J : I think the root of the question is really just WHAT is normal? 

I know some babies who have slept through the night at 6 weeks without crying and others just never want to be put down. 

I feel like in our culture people feel it is abnormal for babies to want to be held and co-sleep. Do you have any resources that are nice and REALISTIC about what you can actually expect from a baby?  And what do healthy sleep "habits" actually look like? I totally understand if you cannot answer these questions! I am happy to read articles or books or listen to podcasts, it just seems everyone is either so far on the left or far on the right when it comes to what a baby sleep should actually look like and who qualifies as a "baby". 

Me : So pretty much everything is normal. That’s what crushes parents. There are going to be LOADS of circumstances where you try everything under the sun and nothing seems to help. We are a culture obsessed with diagnosing and “solving” things, but that doesn’t totally jive with the primal blob nature of infancy.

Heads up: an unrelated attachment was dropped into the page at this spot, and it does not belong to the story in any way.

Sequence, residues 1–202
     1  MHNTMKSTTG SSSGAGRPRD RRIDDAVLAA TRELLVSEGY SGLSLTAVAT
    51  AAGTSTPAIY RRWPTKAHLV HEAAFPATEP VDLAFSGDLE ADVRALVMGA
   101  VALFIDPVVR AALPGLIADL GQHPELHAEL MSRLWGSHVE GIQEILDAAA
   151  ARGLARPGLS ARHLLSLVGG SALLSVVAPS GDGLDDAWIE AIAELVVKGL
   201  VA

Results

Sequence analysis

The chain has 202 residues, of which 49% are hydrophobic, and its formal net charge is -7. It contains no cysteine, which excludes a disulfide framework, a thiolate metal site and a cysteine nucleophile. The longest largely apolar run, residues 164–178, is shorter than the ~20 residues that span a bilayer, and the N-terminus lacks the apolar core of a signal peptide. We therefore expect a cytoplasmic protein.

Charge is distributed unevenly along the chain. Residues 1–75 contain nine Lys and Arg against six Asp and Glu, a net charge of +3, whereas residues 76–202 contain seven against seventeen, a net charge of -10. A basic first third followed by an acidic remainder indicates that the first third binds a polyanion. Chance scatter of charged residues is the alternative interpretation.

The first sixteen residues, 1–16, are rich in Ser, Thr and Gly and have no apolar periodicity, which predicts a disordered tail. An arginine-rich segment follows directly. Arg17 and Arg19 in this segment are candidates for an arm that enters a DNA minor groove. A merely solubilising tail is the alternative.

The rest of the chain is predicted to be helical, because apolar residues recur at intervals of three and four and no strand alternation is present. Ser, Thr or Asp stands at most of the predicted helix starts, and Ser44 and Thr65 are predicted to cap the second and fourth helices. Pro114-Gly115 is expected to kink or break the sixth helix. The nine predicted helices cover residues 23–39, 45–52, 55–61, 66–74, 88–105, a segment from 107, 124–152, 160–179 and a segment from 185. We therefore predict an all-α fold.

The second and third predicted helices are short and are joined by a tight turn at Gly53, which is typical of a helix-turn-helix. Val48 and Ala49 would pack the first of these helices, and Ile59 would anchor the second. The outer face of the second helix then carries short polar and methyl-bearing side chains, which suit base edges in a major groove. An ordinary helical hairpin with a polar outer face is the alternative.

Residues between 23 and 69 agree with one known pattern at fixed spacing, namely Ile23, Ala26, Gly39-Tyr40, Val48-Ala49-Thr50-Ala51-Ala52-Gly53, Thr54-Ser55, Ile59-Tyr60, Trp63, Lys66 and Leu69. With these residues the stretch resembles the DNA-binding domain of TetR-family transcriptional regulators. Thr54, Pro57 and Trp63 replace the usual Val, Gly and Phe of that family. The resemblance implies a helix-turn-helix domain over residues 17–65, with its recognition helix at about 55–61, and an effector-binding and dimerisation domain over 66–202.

Over time you will feel desperate in some way and it will lead to a cool trick or some deeper understanding that helps you better communicate these things to parents. If you fight the urge to make promises, rely on crappy information, or feel that your role is to give definitive answers to things that aren’t actually “problems,” you and the folks you serve will be better off. It’s hard when word of mouth and testimonials are such a big part of our business, but you have to keep in mind that you’re teaching parents to be parents, not acting as a contractor mending a collapsed wall. Our help is more subtle and nuanced and can take time to be appreciated or understood — even within ourselves.